When I get into a taxi, my handler Chikako is always most careful. “Which seat do you want next to me in the back? Is it okay to sit by the door?”
Her request seemed bizarre the first few taxi rides.
Her request seemed bizarre because you have never been anywhere cleaner than a Tokyo taxi. Not a crumb of stale food. No trash. White doilies all over that back seat. The cab driver is usually wearing white gloves, for crying out loud. The only place lovelier than behind the driver’s seat would be that pristine place by the opposite window, a fabulous place to be a back seat driver if only one knew the roads.
Chikako-san’s request seemed bizarre until I asked what on earth she meant. Then Chikako has explained it to me. When she transports teachers for VOICE, the seminar company sponsoring me here, many of the professional psychics can’t bear to sit across from the driver. Unless they’re positioned directly in back, they’ll pick up too many low-level vibrations floating around in the taxi.
This reminds me of a rather shocking statement in a book by one of America’s most famous psychics. In passing, “Phoebe” mentions that she never drives on highways any more because she is just too aware of angels and spirits to be able to concentrate on the road.
Well, I’m glad hasn’t crashed up her car. Maybe she ought to consider hiring an immaculate Japanese taxi?
Seriously, picking up impressions IS a problem for many people. They’re oh-so-impressionable. Although inconvenient, this trouble with everyday living is interpreted by them as a thrilling proof of how talented and special they are.
Given my work with Empath Empowerment, I have a different reaction, however. To me, having trouble with stray taxi vibes isn’t proof of talent so much as evidence of imbalance. A person can be plenty special without being so deeply into spirit life that she can’t drive between the lines on a highway (or color between the lines in a coloring book, if she wanted to do that instead).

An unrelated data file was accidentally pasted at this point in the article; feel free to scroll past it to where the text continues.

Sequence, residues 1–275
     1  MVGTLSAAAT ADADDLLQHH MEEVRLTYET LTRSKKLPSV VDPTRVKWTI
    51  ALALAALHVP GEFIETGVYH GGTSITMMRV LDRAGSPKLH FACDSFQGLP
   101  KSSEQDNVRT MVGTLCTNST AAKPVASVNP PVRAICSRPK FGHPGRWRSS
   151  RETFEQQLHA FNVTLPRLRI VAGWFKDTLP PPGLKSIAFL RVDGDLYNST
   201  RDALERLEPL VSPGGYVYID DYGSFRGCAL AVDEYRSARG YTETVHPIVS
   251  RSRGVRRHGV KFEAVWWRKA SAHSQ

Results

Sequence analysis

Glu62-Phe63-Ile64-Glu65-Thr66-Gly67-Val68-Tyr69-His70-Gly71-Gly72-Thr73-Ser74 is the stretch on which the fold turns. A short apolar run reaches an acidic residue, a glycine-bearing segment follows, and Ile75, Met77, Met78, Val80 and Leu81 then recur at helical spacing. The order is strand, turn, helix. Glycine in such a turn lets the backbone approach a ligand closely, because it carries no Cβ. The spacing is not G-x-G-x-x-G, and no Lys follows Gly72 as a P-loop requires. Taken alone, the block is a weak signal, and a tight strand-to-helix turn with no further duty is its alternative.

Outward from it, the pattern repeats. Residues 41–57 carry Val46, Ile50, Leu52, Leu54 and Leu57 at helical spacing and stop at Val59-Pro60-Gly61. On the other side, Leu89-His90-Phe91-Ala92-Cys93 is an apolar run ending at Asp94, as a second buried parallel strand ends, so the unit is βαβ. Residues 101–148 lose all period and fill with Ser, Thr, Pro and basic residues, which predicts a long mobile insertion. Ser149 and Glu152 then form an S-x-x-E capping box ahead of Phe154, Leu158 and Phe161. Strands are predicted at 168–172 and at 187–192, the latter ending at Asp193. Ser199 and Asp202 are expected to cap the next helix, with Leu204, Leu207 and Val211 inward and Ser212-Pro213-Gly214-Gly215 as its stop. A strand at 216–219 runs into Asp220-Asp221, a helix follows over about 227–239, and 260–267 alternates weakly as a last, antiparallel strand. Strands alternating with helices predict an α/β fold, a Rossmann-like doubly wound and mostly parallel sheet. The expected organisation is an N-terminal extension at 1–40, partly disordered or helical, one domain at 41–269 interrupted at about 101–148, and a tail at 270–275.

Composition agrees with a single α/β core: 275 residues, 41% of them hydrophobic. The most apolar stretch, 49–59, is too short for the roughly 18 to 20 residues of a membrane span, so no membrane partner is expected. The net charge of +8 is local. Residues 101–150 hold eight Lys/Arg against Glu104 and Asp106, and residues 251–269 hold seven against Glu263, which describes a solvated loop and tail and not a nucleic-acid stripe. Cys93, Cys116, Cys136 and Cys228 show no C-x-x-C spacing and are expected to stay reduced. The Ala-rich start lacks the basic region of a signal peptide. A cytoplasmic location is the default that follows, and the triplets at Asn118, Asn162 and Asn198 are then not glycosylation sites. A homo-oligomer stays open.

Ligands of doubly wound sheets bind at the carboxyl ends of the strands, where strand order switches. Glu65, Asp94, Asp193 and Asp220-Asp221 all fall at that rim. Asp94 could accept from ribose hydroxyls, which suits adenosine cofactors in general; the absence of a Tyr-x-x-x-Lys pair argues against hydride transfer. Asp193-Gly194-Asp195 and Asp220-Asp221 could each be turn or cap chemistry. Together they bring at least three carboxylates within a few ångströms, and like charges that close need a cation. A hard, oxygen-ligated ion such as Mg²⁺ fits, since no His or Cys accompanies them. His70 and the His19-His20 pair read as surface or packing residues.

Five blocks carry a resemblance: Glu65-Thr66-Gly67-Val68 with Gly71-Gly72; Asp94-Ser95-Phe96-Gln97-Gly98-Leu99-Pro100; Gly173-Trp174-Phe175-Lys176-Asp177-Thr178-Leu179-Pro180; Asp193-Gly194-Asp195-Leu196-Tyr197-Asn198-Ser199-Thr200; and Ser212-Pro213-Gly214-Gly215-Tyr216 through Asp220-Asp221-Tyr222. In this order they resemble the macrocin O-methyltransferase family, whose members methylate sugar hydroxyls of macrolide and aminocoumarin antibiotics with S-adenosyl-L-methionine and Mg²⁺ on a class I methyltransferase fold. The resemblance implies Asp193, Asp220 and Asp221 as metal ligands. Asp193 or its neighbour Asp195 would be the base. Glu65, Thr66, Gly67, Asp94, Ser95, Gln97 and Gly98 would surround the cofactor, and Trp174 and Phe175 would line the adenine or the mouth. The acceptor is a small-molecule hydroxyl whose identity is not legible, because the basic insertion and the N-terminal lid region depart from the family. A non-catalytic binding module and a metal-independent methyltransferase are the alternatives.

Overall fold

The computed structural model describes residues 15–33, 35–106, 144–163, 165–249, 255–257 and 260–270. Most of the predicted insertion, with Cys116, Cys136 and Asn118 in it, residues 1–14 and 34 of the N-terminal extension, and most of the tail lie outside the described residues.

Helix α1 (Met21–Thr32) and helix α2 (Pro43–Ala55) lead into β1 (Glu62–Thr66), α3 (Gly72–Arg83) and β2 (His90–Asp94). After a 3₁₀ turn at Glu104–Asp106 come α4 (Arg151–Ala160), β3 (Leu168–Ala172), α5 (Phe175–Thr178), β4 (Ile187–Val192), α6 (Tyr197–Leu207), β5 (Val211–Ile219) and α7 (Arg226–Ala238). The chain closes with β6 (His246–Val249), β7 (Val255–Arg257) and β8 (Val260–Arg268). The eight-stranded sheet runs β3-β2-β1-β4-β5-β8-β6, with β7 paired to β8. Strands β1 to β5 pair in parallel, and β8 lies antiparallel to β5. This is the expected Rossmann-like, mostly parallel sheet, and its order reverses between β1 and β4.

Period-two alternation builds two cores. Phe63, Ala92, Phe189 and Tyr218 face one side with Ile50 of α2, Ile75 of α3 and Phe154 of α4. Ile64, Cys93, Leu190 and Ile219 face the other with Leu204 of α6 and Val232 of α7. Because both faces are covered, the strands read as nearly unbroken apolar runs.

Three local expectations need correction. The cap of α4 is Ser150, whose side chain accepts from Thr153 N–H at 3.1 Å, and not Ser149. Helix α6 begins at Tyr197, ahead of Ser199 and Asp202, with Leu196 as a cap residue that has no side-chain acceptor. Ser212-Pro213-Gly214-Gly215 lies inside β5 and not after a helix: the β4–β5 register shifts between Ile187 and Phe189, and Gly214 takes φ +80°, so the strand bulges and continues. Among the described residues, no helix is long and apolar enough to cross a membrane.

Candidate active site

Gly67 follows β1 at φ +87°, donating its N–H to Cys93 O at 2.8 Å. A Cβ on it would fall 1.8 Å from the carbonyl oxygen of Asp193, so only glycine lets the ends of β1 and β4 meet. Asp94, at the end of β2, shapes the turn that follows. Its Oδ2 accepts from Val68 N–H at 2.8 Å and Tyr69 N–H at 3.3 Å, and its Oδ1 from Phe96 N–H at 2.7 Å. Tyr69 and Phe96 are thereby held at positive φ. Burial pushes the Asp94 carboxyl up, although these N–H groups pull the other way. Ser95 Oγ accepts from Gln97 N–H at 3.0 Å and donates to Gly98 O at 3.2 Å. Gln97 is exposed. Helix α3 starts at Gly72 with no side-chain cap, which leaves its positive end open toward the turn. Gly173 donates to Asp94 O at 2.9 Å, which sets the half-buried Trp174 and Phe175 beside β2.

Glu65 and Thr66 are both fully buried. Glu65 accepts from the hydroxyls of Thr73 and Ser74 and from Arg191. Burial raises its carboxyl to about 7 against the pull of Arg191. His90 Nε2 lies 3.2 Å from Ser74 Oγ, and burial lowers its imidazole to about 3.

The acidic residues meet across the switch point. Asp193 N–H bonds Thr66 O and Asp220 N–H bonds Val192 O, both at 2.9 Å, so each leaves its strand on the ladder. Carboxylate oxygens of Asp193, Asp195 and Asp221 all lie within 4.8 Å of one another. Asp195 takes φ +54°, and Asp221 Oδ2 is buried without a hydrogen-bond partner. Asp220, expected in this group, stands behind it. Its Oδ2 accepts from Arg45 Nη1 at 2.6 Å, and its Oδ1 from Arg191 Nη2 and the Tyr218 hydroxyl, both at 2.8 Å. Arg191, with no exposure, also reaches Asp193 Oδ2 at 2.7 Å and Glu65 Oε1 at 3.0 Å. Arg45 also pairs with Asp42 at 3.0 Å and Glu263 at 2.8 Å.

NEUROTIC DISTORTION OF THE CREATIVE PROCESS
This is the title of a book I remember from college. Okay, I may be remembering the title incorrectly, but I sure do remember the message of the book. A psychologist took up the myth of the suffering artist. What he/she concluded had a powerful effect on shaping my career.
You don’t need to live like Ernest Hemingway or Dylan Thomas. Being a creative artist does not require that you get yourself drunk, or surly, or otherwise miserable. Being creative simply means being creative.
Once I knew a man, Paul, who spent a night in jail along with Dylan Tomas. They had been arrested for drunk and disorderly conduct. For Paul, this was a highlight of his life. Maybe it beat being locked up with a smelly wino from the neighborhood streets, but where’s the true triumph?
In my latest workshop for empaths, “Lucy” told this story:
Before I knew that I was an empath, I had so much trouble being with people at all. I’d take on their feelings, their aches and pains. Now that I have begun to become a skilled empath, this has stopped. Welcome to life without constantly throwing up.
If you know people who suffer in taxis or supermarkets or schools, people who are so sensitive to the psychic, emotional, or physical environment that they can hardly function, buy them a copy of Empowered by Empathy. Or send them to me for a personal session, because I would love to make a difference.
If you’re talented, be talented. Not overwhelmed.